Complete Prolapsus of the Uterus by Wangechi Mutu, 2004, Glitter, ink, collage on found medical illustration paper
You may not have heard of Kenyan-born artist Wangechi Mutu, but you will soon. In the fistful of years since her graduation from Yale’s MFA program, her work has shocked, angered, disfigured, and been applauded by curators across the United States. Dr. Joe Gregory, chair of Drexel’s Department of Art and Art History, saw a piece of hers in the MoMA a few years ago. He was instantly taken with her work.
Like so many gut-wrenching desires, Dr. Gregory’s went unrequited for years. Named “one of the most exciting artists working in collage today” by the New York Times, Mutu was busy responding to a deluge of requests for her work – from places like the New York’s MoMA and Whitney, the Museum of Contemporary Art in L.A. and a slew of galleries in Canada, the UK, and Germany, among other places. Philadelphia is moving up in the art world, but it couldn’t compete with that crowd – until now.
Sonia Sanchez, Philadelphia’s poet laureate, was so impressed by Mutu’s work that she committed to write a series of works if the burgeoning artist would agree to a Philly exhibition. That was enough to bring Mutu to the table, and now you can see an exhibition of her provocative, collage-as-cultural-critique at Drexel’s Leonard Pearlstein Gallery.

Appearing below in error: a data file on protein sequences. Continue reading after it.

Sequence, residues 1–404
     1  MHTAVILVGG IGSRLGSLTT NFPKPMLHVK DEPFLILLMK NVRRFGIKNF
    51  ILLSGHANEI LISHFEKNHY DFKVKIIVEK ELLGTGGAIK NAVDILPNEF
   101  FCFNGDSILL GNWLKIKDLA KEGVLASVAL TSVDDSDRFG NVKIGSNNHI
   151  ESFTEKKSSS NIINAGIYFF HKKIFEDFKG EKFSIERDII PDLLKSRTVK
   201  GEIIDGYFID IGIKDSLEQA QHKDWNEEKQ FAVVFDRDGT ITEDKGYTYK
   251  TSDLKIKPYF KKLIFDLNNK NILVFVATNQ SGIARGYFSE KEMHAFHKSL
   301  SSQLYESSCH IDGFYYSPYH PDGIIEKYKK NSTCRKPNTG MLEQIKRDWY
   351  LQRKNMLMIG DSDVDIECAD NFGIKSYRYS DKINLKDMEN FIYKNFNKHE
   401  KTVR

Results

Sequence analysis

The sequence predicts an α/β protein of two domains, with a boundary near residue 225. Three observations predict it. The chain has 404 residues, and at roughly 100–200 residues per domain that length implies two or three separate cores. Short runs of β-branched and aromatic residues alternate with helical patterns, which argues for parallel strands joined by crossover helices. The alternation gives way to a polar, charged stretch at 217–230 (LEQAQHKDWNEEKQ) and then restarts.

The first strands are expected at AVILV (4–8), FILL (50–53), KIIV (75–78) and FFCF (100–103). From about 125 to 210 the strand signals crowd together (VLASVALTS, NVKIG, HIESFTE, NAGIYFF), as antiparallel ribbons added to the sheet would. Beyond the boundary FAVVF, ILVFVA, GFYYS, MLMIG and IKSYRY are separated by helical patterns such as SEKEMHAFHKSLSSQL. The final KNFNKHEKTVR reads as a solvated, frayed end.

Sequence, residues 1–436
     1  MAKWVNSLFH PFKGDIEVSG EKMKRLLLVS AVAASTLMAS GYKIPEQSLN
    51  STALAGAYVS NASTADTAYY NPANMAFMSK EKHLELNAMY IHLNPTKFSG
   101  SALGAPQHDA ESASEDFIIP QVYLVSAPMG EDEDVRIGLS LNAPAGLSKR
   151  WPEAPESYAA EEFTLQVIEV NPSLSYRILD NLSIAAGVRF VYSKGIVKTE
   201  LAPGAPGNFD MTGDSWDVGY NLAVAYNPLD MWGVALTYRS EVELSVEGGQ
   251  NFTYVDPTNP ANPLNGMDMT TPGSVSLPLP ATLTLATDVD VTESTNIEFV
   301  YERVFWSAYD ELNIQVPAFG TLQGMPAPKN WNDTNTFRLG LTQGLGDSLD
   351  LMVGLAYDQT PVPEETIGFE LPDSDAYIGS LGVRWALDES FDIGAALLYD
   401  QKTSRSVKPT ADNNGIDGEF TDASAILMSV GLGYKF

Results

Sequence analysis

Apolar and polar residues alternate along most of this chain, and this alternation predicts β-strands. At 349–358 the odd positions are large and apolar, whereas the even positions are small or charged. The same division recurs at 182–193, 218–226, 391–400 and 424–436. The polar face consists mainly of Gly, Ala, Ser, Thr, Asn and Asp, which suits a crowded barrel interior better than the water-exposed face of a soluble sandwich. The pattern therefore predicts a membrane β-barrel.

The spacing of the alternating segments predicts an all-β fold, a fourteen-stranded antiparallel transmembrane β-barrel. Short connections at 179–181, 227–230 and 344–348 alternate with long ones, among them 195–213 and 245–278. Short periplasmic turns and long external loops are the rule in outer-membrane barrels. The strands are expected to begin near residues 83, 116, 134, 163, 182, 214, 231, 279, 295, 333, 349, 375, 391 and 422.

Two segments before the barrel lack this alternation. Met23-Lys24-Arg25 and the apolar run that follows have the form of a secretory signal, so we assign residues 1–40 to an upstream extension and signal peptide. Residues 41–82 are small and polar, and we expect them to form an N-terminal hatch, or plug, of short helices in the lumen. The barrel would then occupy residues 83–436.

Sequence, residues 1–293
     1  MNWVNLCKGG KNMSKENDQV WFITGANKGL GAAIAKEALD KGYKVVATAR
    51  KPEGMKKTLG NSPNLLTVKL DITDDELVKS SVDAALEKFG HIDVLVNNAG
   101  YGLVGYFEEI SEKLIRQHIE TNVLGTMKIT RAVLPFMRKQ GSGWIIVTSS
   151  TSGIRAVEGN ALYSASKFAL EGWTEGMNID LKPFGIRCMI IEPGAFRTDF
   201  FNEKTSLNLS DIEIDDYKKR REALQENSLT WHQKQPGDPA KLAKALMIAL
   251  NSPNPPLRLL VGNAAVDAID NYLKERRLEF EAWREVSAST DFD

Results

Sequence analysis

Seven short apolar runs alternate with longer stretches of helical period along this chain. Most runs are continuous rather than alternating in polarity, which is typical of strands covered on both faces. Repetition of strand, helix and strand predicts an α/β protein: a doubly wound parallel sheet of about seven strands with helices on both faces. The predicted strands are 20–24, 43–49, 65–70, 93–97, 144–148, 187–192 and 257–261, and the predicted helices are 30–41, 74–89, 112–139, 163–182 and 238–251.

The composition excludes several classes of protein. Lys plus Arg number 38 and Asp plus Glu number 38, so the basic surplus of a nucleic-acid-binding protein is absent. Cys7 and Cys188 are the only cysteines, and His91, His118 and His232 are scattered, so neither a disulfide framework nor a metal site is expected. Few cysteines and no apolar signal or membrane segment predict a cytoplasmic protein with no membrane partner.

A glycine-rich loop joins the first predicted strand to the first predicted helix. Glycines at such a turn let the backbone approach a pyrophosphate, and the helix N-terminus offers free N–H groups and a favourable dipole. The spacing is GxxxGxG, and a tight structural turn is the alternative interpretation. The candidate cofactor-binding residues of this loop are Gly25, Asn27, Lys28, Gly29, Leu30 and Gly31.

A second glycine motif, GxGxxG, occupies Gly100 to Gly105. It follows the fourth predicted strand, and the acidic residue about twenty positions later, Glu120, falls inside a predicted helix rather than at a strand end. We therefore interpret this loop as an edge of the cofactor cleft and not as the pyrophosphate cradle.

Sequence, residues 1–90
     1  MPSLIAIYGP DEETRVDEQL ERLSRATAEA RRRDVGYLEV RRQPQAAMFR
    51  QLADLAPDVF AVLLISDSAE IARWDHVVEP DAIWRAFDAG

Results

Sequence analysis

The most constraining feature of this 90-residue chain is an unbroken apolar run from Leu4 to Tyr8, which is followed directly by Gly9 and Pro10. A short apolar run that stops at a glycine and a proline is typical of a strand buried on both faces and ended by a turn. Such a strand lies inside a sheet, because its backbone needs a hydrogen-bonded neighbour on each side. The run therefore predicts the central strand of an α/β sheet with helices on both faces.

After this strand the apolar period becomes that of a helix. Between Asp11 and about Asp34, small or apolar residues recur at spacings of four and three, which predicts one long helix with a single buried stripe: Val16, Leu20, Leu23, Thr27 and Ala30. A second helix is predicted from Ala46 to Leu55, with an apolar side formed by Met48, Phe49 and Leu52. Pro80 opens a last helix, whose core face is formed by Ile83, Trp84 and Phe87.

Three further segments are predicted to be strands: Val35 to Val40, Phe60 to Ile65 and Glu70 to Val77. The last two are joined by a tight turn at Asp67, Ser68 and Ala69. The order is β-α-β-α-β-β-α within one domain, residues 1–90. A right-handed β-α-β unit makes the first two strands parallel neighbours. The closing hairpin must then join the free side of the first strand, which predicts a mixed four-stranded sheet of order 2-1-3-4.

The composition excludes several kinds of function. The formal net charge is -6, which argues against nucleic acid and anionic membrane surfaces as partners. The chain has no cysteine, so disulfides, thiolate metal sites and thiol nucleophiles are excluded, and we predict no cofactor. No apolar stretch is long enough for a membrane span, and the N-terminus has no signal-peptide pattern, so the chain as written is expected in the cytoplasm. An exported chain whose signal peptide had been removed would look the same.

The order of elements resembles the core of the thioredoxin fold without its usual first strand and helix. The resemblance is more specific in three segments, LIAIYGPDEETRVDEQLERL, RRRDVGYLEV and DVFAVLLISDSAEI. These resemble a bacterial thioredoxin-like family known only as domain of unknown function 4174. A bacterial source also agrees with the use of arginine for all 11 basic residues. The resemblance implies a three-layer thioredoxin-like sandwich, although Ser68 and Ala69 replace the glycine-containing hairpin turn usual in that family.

Mutu’s preferred modus operandi is to start with a picture, taken from just about anywhere – magazines, newspaper, encyclopedia, textbook, you name it – and then cut out pieces of the figure. She will then fill in the holes with other images. One piece completed in this manner features a seductive woman relaxing on a white couch. The woman’s body has been cut out and replaced with the image of a child held by a tattooed hand. By carving out the locus of the woman’s sexual desire and replacing it with the image of unknown child, Mutu has produced a revealing X-ray of Madison Avenue’s objectification of female sexuality: We get aroused and buy things; she gets knocked up. The violence of Mutu’s scissored alterations changed my understanding of sex. Sure, I’ve been privy to similar messages before. We all have. But nothing has rearranged my guts before.
Equally provocative is a series entitled “Histology of the Different Classes of Uterine Tumors,” featuring a series of illustrations from Grey’s Anatomy depicting uteruses with various types of cancers that have been manipulated to resemble human faces. One of the most striking pieces in the series, “Fibroid Tumors,” replaces a woman’s nose with a knee, gigantic red lips underneath, and upside-down sunglasses above.
Her eyes are visible through the sunglasses and one is closed as though in the midst of a deep slumber while the other slightly open and almost in ecstasy, resembling one of those sex-sells cigarette ads featuring a Stepford wife lip-fucking a cigarette. Other faces in the series are equally iconographic but wide-ranging in emotional content. In fact, the whole exhibit whoops, laughs, commits murder, eviscerates, sighs, contemplates, and judges the media-saturated world where we are all prisoners of our own device. I will never be the same, and I like it.